Depression and Quality of Life among Women Hospitalized during COVID-19 Pandemic

The Open Public Health Journal 03 Mar 2023 RESEARCH ARTICLE DOI: 10.2174/18749445-v16-230221-2022-104



The outbreak of the new coronavirus (COVID-19) can lead to the development of several mental disorders. Women are an important part of any society, and psychological factors can affect their quality of life. The present study aimed to investigate the depression level among hospitalized women and its relationship with their quality of life during the COVID-19 pandemic in 2021.


This descriptive-analytical study was conducted on 465 women admitted to public educational hospitals affiliated with the Minister of Health, Iran. The data collection tools were the Goldberg Depression Scale and the World Health Organization Quality of Life-BREF (WHOQOL-BREF) Questionnaire. Descriptive and inferential statistical methods were used to analyze the data by applying SPSS software version 23.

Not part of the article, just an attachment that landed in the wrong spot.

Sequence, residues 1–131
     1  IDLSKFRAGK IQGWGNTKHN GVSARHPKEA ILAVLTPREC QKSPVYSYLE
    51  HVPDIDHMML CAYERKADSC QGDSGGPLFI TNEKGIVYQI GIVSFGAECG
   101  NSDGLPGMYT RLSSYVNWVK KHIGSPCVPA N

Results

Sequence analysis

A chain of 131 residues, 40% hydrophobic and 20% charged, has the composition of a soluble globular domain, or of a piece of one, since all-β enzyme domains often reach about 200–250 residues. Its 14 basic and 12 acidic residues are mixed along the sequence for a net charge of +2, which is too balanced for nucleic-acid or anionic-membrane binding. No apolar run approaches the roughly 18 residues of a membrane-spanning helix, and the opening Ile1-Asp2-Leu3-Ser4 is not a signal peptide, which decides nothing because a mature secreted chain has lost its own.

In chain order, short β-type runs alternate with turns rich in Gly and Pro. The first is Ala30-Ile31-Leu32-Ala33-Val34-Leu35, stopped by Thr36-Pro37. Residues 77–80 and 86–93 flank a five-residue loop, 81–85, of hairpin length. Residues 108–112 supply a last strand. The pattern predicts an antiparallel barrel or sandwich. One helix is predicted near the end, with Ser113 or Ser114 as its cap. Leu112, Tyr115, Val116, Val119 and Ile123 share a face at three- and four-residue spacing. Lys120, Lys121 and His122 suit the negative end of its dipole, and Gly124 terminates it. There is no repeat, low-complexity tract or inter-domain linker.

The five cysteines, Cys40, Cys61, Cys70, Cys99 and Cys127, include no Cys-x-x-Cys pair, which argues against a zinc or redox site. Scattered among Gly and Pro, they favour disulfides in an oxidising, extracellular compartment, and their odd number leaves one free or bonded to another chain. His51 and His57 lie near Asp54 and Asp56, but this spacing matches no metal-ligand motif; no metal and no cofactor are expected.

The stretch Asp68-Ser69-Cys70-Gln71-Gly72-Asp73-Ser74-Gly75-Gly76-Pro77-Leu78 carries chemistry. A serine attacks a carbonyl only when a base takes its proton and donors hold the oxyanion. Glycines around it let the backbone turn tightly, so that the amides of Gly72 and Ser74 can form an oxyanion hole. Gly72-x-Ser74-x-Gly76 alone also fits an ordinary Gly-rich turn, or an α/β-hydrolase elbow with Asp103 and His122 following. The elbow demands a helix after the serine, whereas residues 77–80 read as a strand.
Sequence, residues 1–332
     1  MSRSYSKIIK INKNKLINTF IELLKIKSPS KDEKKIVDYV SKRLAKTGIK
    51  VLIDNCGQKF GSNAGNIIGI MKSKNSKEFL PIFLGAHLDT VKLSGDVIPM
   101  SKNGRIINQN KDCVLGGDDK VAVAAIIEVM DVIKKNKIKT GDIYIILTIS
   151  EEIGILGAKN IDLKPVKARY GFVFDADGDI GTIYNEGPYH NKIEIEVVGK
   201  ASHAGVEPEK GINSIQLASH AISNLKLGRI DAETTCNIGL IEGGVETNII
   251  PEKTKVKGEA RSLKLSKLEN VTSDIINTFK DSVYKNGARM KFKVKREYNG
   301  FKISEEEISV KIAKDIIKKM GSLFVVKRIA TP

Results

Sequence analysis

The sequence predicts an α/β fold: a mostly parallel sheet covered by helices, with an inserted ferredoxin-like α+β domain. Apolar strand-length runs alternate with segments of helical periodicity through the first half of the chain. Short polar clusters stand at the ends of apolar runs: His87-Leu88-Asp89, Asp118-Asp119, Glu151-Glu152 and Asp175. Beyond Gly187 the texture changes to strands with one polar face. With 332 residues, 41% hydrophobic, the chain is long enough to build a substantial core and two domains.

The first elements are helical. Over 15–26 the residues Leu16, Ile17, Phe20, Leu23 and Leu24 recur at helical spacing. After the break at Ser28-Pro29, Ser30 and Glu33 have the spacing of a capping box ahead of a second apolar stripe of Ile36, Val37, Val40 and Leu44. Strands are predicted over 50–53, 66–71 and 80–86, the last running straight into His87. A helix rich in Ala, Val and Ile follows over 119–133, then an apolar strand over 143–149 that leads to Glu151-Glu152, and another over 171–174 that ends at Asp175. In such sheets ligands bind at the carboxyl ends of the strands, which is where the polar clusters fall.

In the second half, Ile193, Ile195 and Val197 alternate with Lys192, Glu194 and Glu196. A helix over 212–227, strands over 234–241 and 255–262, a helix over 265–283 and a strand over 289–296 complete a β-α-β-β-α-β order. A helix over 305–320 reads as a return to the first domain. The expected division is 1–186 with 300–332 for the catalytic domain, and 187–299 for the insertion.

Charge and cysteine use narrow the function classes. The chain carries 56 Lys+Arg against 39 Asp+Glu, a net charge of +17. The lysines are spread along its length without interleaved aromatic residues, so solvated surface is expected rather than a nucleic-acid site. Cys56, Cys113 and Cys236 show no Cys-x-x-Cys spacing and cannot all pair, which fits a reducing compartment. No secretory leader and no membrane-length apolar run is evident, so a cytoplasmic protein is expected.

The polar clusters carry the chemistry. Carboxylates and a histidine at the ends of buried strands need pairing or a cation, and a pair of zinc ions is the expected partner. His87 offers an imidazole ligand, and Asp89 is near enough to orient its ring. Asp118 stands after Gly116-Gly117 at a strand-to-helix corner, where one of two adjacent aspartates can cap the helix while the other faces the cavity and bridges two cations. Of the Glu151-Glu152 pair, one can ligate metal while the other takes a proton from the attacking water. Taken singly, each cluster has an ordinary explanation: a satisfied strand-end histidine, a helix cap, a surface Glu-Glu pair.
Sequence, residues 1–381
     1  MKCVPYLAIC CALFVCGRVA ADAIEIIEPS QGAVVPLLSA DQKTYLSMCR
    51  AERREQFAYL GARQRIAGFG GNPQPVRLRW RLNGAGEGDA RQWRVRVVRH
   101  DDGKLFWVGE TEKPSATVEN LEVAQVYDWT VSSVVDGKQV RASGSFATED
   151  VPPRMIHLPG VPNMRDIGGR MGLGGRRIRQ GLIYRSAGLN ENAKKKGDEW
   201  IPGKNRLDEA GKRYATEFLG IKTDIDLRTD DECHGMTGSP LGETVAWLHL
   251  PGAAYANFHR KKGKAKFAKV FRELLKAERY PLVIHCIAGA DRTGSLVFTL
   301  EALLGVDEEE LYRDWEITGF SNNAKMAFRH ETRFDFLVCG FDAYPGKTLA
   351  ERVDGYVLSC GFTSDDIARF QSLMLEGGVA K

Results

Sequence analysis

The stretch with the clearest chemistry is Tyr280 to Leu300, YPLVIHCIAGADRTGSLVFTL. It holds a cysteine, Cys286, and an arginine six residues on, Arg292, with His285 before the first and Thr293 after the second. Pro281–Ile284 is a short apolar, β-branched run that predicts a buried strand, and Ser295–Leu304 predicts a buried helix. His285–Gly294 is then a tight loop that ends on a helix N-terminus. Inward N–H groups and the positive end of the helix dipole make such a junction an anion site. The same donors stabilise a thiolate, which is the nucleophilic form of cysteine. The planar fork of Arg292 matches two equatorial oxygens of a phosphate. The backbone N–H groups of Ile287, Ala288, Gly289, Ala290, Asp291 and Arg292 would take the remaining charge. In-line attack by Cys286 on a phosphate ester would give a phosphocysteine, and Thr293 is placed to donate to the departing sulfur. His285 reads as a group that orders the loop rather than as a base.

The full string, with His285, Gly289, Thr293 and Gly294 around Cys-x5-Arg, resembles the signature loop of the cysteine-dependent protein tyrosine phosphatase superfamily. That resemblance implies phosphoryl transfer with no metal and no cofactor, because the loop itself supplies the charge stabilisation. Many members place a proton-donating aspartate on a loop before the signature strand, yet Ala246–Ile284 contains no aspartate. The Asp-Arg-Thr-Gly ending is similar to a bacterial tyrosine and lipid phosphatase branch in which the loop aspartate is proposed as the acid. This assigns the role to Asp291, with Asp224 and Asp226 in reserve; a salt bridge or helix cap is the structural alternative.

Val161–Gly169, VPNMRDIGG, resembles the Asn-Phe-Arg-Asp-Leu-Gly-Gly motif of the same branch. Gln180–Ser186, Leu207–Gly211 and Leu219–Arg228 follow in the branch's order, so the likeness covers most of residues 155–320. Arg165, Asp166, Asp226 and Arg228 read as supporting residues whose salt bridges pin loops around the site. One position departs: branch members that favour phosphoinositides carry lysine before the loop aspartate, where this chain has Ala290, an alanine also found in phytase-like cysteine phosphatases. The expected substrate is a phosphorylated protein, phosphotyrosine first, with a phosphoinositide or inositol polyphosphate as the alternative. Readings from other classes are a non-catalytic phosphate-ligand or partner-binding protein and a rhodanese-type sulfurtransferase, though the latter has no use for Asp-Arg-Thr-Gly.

According to the results, 48.60% of the women were mentally healthy. While 15.27% of them were more likely to develop depression, 13.12% of the others were borderline depressed. At the same time, 12.69% of the women who participated in the study suffered from a mild to moderate level of depression, 7.74% of women had moderate to severe depression, and 2.58% of the rest tolerated severe depression. Other results show that the mean score of quality of life (QOL) of the women was 58.49±11.51 (out of 120). Moreover, a significant and inverse correlation between depression and QOL was observed among the studied women (r=-0.564, P<0.001). Statistically significant relationships between depression and the variables of age (P=0.007), place of residence (P=0.04), marital status (P=0.006), level of education (P<0.001), and income level (P=0.03) were also observed. Moreover, there was also a statistically significant relationship between women's QOL and their marital status (P=0.02).


According to the results, providing social support and establishing effective communication based on mutual interaction among hospitalized women and healthcare workers can be recommended to decrease their level of depressive disorder and enhance their QOL.

Keywords: Depression, Quality of life, Coronavirus, COVID-19, Panemic, Hospitalized.
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